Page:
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jake g

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  1. New guy question; hope it's not too naive. I came across an interesting article, but I don't know what I'm talking about. Perhaps it's way off. In a nut shell they say forex is better than futures because its more liquid, can be traded all day, small commissions, less slippage, greater leverage, and reduced risk via automatic margin calls. Is there exaggeration here, and if so, how do you think such issues should be properly conceive of? Please and thank you. Would you say these points are represented accurately? More specifically, I'm asking that because of these aspects of forex, would if function better for a beginning trader, rather than stocks or futures? It sounds like certain pit falls have been removed from the overall challenge. Or reduced. Here's the article "The forex market also boasts of a bunch of advantages over the futures market, similar to its advantages over stocks. But wait, there’s more… So much more! Liquidity In the forex market, $4 trillion is traded daily, making it the largest and most liquid market in the world. This market can absorb trading volume and transaction sizes that dwarf the capacity of any other market. The futures market trades a puny $30 billion per day. Thirty billion? Peanuts!The futures markets can’t compete with its relatively limited liquidity. The forex market is always liquid, meaning positions can be liquidated and stop orders executed with little or no slippage except in extremely volatile market conditions. 24-Hour Market At 5:00 pm EST Sunday, trading begins as markets open in Sydney. At 7:00 pm EST the Tokyo market opens, followed by London at 3:00 am EST. And finally, New York opens at 8:00 am EST and closes at 4:00 p.m. EST. Before New York trading closes, the Sydney market is back open – it’s a 24-hour seamless market!As a trader, this allows you to react to favorable or unfavorable news by trading immediately. If important data comes in from the United Kingdom or Japan while the U.S. futures market is closed, the next day’s opening could be a wild ride. (Overnight markets in futures currency contracts exist, but they are thinly traded, not very liquid, and are difficult for the average investor to access.) Minimal or no commissions With Electronic Communications Brokers becoming more popular and prevalent over the past couple of years, there is the chance that a broker may require you to pay commissions. But really, the commission fees are peanuts compared to what you pay in the futures market. The competition among brokers is so fierce that you will most likely get the best quotes and very low transaction costs. Price Certainty When trading forex, you get rapid execution and price certainty under normal market conditions. In contrast, the futures and equities markets do not offer price certainty or instant trade execution. Even with the advent of electronic trading and limited guarantees of execution speed, the prices for fills for futures and equities on market orders are far from certain. The prices quoted by brokers often represent the LAST trade, not necessarily the price for which the contract will be filled. Guaranteed Limited Risk Traders must have position limits for the purpose of risk management. This number is set relative to the money in a trader’s account. Risk is minimized in the spot forex market because the online capabilities of the trading platform will automatically generate a margin call if the required margin amount exceeds the available trading capital in your account. During normal market conditions, all open positions will be closed immediately (during fast market conditions, your position could be closed beyond your stop loss level).In the futures market, your position may be liquidated at a loss bigger than what you had in your account, and you will be liable for any resulting deficit in the account. That sucks."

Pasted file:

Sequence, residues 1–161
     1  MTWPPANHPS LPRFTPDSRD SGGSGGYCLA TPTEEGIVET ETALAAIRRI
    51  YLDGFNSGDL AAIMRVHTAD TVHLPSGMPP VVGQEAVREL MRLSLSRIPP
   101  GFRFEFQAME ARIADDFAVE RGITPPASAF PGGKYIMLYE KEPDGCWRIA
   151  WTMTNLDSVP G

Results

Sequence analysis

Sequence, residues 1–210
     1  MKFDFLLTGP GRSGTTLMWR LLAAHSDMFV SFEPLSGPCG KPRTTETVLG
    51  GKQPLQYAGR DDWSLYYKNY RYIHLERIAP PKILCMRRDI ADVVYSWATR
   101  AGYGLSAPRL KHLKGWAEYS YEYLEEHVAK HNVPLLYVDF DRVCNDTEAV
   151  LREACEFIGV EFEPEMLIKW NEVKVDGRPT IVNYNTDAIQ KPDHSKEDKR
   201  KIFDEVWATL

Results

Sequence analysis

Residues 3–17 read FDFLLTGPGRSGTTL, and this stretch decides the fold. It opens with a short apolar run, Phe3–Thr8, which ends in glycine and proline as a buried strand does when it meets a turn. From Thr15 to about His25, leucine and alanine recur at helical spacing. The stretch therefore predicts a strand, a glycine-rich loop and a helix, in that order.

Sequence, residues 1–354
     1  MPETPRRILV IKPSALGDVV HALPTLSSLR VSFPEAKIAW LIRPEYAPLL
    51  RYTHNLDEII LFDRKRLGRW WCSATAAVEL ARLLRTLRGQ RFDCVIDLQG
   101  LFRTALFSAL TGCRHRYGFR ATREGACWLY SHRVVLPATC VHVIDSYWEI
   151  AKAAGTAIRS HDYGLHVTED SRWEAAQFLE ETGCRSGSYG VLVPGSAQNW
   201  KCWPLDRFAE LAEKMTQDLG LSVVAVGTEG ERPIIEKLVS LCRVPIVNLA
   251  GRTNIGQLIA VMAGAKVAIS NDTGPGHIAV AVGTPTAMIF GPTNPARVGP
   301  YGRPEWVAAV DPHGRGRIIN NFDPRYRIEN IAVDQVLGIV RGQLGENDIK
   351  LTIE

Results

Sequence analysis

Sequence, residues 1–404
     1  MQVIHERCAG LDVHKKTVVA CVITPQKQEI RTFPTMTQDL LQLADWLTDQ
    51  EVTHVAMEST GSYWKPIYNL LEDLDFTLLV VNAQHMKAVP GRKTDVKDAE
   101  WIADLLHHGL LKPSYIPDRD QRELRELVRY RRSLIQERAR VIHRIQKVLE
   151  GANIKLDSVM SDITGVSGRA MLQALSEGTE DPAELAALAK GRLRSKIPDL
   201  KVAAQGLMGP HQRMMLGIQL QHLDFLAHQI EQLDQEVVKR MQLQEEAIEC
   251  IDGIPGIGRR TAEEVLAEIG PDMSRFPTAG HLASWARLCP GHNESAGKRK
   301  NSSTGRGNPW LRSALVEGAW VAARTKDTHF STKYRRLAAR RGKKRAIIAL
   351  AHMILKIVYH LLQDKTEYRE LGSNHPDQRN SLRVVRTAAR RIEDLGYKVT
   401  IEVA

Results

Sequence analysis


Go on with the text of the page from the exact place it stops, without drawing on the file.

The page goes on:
2. Hey everyone. I love your forum here. Tons of great info and insights. I'm new to this so I'm going to say things that don't make sense. That's what new guys are for; It's our job and we're damn good at it. And pardon the long windedness. Currently I'm reading a bunch of books, talking on forums and I want to develop great skill at swing trading and day trading. An aspiring trader needs time and money. Time to study, to learn, and money to cover expenses. Like equipment, rookie loosing streaks, research costs, normal living costs, etc. So, how do you maximize both at the same time? I'm sure other traders have figured out this problem better than I have, but here are the solutions I see so far. 1) I doubt this one will work. Hypothetically, it would be great to work for some company that is involved in trading, or maybe in the ball park. Meet knowledgeable people, learn a lot, broaden horizons etc. However, I have no back ground in finance or investing. My resume doesn’t looks appealing; my only strength is learning fast and being extremely motivated to understand the job well; learn everything possible about this topic. If i am wrong about this, if there are in deed such options, such jobs, please tell me. Until someone suggests otherwise, I'm considering this option a no go. 2) I expect this next option won't work, either. Work 3rd shift at a job you can study. Like a security guard. Eventually, start trading during day time. But, how long before you save up a trading account of 20k? Probably a long damn time. Some say accounts of 5k and below are pointless. Perhaps that is not fully true, perhaps there is some "angle" to trading which can squeak you by, generate a modest profit out of a 5k account, continue to work a full time job. Continue educating yourself about trading, save up, eventually accumulate a large enough savings to trade full time. Again, I doubt this 5k account "angle" exists, and if it does I don't know what it is. Do you? 3) This may sound odd but it's doable. Semi trucks. 35k to 50k your first year. There is a lot of down time where you are not driving. While driving, truckers wait for traffic to clear up, then listen to audio recordings. Truckers get degrees for online colleges this way or learn foreign languages. Save save save, learn learn learn. Make trades during down time. Eventually, stop being a driver; trade full time. 4) Maybe some combination. Such as first #2, then #3. Figure out what the whole strategy should be while working nights, (although I'm sure the plan will change) after that, if I'm 10K or 15K short of start up capital, go drive a truck until I save the rest. Again, I'm new, and am sure other traders have confronted this issue, have thought up better ways to handle the first two years than I have. Any suggestions? Anything important I don't know about, that would change everything I've said here? Thanks a million.